Dvaravati, sources of Buddhism in Thailand

Thursday 9 April 2009

Proceedings of the Guimet Dvâravatî museum exhibition at the Buddhist sources in Thailand, commented by Anne-Colombe Launois-Chauhan, lecturer at the Guimet and Cernuschi museums.

We first stopped in front of the three large photographs in the introduction to the exhibition that contextualize the sculptures. The big Buddha of Wat Na Phra Men, VII-VIII ° century, (Ayuthaya), archetype of the Buddha of the time of Dvāravatî. He is seated on a throne, his legs hanging in the position wrongly called "European", his feet not touching the ground. This statue transported in the fourteenth century Nakhon Pathom is still subject to great devotion as highlighted by the many offerings. A lacquered and gilded stoneware stele that was embedded in the base of the great Buddha of Wat Suthat of Bangkok. This typical work of the art of Dvāravatî illustrates two episodes of the life of the Buddha: at the top he sits on a throne surrounded by royal symbols (fly-catcher, banner, fan) and making the gesture of teaching (vitarka mudrâ ), in the lower register is represented the miracle of Sarasvati. Finally, the great seated Buddha, in quartzite, ninth century, from Nakhon Pathom, now at the Bangkok Museum, also seated dangling legs, but reconstituted from elements of four different statues.

Sitting Buddha. IX ° s. Nakhon Pathom. National Museum Bangkok. (Cl M. Colas)

Dvaravati's culture seems to have come from urban kingdoms developed in the central plains of Thailand inhabited by a population of mounts from the 6th to the 13th century, and even up to the 13th century in the north of the country. It must have been a mosaic of small kingdoms rather than a single entity. The important cities of which we have many vestiges would be Nakhon Pathom, U Thong, Khu Bua and Si Thep. These cities were built near the rivers or the sea which served as waterways and sea routes. Very few inscriptions have survived and a small silver coin has the particularity of bearing a text written in Sanskrit mentioning "meritorious work of the lord of Dvāravatî". This object is the smallest of the exhibition but also the most valuable because it is in Thailand the only explicit mention of the name of this kingdom.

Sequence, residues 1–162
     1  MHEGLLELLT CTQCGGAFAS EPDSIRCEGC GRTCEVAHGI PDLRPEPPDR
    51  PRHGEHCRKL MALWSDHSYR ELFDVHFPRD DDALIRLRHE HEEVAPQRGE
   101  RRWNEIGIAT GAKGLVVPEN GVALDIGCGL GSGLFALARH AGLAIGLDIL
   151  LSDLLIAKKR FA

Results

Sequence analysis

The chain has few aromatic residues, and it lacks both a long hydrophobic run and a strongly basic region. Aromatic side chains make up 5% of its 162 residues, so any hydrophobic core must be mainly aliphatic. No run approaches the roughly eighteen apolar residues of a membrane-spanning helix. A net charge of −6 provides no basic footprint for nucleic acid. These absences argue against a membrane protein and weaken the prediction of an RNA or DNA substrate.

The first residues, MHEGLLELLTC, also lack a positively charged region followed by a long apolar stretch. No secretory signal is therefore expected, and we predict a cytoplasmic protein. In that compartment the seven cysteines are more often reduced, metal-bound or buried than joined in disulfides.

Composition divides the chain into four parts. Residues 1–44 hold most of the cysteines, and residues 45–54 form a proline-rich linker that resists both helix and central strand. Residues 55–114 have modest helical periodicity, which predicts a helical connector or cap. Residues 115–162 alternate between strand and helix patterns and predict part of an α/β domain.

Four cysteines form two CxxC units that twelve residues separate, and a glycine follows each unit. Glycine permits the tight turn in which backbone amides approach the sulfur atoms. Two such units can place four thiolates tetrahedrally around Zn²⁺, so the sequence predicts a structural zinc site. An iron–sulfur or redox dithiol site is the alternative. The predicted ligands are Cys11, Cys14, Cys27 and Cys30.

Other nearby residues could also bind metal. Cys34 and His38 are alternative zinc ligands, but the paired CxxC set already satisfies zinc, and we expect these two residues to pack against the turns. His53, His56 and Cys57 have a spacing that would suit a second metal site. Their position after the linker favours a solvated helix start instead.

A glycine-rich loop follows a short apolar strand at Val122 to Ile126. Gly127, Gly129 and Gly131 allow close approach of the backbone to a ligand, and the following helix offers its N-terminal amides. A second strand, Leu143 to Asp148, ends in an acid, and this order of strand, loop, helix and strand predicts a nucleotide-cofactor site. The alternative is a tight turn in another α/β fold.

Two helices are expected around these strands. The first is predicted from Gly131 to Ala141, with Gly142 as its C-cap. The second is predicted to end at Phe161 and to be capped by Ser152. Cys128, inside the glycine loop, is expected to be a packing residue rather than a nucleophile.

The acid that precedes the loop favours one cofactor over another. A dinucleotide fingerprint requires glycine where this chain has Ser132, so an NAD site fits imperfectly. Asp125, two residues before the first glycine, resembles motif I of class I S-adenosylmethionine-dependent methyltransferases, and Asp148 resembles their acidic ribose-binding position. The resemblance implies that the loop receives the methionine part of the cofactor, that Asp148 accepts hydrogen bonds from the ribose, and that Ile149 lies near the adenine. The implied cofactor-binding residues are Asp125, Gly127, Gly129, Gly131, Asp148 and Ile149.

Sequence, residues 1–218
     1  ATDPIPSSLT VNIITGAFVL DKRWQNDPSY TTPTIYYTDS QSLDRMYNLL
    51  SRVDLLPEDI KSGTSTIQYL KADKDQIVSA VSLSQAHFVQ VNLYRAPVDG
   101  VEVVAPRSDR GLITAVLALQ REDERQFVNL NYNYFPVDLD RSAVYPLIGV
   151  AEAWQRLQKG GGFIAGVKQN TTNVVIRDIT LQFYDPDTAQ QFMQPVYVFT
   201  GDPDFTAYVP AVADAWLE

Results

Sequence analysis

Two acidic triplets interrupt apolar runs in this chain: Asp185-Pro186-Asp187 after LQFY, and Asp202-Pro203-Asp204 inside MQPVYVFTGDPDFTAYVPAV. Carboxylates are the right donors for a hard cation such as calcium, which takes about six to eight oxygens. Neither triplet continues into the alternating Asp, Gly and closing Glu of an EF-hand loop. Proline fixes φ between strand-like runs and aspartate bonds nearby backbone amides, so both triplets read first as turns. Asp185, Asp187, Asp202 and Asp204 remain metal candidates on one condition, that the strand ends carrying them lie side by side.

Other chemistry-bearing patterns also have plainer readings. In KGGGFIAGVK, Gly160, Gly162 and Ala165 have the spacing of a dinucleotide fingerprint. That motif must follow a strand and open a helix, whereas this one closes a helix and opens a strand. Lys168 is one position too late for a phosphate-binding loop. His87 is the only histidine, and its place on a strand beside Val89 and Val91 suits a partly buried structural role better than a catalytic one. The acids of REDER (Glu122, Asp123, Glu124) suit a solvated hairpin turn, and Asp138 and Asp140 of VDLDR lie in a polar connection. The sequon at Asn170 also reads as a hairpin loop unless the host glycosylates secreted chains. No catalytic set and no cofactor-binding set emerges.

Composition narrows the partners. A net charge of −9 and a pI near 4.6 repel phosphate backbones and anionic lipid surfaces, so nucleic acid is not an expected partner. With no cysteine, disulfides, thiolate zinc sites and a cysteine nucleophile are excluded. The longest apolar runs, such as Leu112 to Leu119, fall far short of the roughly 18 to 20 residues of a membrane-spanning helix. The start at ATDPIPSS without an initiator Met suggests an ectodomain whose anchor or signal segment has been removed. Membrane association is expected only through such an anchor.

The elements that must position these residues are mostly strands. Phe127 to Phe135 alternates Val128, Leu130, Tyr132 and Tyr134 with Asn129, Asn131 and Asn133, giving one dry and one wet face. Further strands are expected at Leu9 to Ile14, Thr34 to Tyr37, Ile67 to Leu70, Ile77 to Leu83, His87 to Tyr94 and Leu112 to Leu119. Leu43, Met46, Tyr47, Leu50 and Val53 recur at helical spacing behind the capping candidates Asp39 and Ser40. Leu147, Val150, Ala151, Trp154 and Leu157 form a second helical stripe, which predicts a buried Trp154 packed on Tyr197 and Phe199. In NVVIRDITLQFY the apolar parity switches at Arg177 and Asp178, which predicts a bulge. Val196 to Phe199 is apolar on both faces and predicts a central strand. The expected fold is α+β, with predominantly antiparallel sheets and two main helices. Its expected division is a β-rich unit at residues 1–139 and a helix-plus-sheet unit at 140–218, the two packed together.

The art of Dvāravatî is influenced by the Indian art Gupta (small sandstone sculpture standing Buddha, V ° -VIII century, in the style of Sârnâth), Amaravati and Pâla (bronze standing Buddha doing the double gesture Education). Dvāravatî's wealth was due to international trade, as evidenced by a clay seal mark showing an ocean-going ship, an oil lamp of a Byzantine style, or that brick engraved with the profile of a stranger (may -being a Sogdian from Iran).

Only the foundations of the monuments built at that time remain, because the superstructures have disappeared. Laterite, brick and wood seem to have been the preferred materials for the constructions, but the intensive use of stucco for decoration is one of the characteristics of Dvaravati. A reduction of terracotta architecture gives an idea of ​​the appearance that these missing buildings could have. A sandstone stele of the seventh century shows the Buddha in meditation, during the meditation of his Enlightenment, sitting on the rings of the naga (snake) Mucilinda which protects him from his hood with multiple heads. It is framed by two ganas (atlantes dwarfs) each carrying a stupa that illustrates a form of religious architecture common in Thailand, the chedi, characterized by the stack of parasols of decreasing sizes that form a cone.

If Buddhism seems predominant, Hinduism was also practiced in the Dvaravati, as evidenced by three objects of the seventh and eighth centuries: a ritual tablet in limestone showing the goddess of Fortuna Lakçmi waved by elephants, a statue of Viçnu, of which whether it is pre-Angkorian or Dvâravati style, and finally a stele depicting Siva supported by the bull Nandin in front of Mount Kailaça. The adornments, the costume and the belt of Siva, tied high on the torso are part of the characteristic repertoire of the art of Dvaravati.